By: Emma Gorin | Sarah Conderino | Talea Cornelius | Alexey Abramov | Binyam Yilma


New York City is notorious for being a “car-congested” place to live in. The trains can feel just as congested, too. People often opt for alternative ways of commuting, when possible. Recently, the number of options for ‘alternative’ means of commuting have increased! Bikes, mopeds. e-bikes. e-scooters are all fair game.

This is great! But, with more bikes, scooters, mopeds and the like out in the streets, we wanted to know more about how, if at all, the number of incidents involving these alternative means commuting has changed.

We were also particularly interested to see how the shelter-in-place due to COVID-19 impacted the rate of incidents. How do the number of incidents post-COVID19 compare to ‘COVID19’ times?


With this in mind, we took to the New York City Motor-Vehicle-Collisions-Crashes data to look into this further.

Here’s a sneak peak of what our main data looks like:

crash_dat = read.csv("./data/crash_dat.csv")

crash_dat %>% select(date, crash_time, borough,number_of_persons_injured, contributing_factor_vehicle_1) %>% head(6) %>% knitr::kable()
date crash_time borough number_of_persons_injured contributing_factor_vehicle_1
2017-01-01 19:52:00 BROOKLYN 1 Failure to Yield Right-of-Way
2017-01-01 18:00:00 QUEENS 1 Driver Inattention/Distraction
2017-01-01 00:00:00 NA 0 Driver Inattention/Distraction
2017-01-01 00:00:00 MANHATTAN 2 Driver Inattention/Distraction
2017-01-01 16:30:00 BROOKLYN 0 Unspecified
2017-01-01 18:45:00 BROOKLYN 1 Passing or Lane Usage Improper

We also used data on bike count, which gave us the daily total of bikes that were involved in crashes. Source:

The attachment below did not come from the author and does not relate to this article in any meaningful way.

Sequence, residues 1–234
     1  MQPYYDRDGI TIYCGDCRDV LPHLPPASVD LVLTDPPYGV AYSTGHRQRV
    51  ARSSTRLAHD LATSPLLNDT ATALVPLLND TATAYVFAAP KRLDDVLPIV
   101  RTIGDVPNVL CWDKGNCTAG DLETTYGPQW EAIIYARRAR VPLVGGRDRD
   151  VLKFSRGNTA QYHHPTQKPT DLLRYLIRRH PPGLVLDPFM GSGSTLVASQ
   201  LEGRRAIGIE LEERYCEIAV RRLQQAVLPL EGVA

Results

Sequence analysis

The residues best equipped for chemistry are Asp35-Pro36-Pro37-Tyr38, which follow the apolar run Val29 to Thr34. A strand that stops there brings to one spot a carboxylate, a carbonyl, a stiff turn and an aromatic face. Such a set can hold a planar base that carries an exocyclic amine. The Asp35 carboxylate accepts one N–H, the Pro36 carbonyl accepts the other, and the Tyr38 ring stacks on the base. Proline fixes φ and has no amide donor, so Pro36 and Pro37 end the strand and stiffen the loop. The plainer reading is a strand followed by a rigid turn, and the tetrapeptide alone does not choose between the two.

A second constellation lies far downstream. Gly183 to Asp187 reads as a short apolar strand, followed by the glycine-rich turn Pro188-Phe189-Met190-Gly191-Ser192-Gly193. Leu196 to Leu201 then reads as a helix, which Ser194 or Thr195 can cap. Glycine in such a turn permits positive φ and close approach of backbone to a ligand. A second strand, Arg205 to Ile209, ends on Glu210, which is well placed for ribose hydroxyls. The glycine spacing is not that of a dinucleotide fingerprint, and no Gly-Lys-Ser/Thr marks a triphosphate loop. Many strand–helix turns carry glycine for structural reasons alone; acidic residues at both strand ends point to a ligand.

We also incorporate weather data from NOAA

Focus of our Project

Our project focuses on the use of particular types of alternate means of transformations, namely: bicycles and microvehicles.

We all know what bikes are, but what exactly are Microvehicles:

The ITF report, defined Microvehicles as: “: vehicles with a mass of no more than 350 kg (771 lb) and a design speed no higher than 45 km/h. Here’s ITF’s report if you’re interested.

Here are some gifs (pronounced ‘jif’, of course) to show you what we mean:


Microvehicles can be Mopeds or e-bikes

Microvehicles can also be E-scooters

Not techinically considered a Miceovehicle, but as a reminder, here’s a cool gif of a Bike (which we also look into)

Main Questions

We wanted to ask some of the big questions on incidents involving Bikes and Microvehicles:

  • Where in NYC do we see the most incidents involving Bikes and Microvehicles?

  • What does the trend of incidents involving Bikes and Microvehicles look like?

  • What are some factors that contribute to these incidents?

  • In particular we also wanted to see how the these incidents may have changed in the context of COVID-19 and the shelter in place?

  • Do we see any statistically significant differences in incident rates comparing pre-COVID to COVID times?

  • Lastly, we wanted to see if we could build a predictive model using weather data, considering factors such as maximum/minimum temperature and daily precipitation to try an predict the number of incidents involving these bikes and microvehicles?

Take aways

  • Bike and microvehicles incidents tend to display seasonality, just like the weather.
  • The top contributing factor to these incidents is: Driver Inattention.
  • The Poisson regression analysis we carried out showed that were no significant differences in the rate of incidents involving bikes or microvehicles.
  • Downtown Manhattan saw the most crashes within the last 2 years.

Fun facts

  • Folks that use microvehicles are referred to as ‘micromotorists’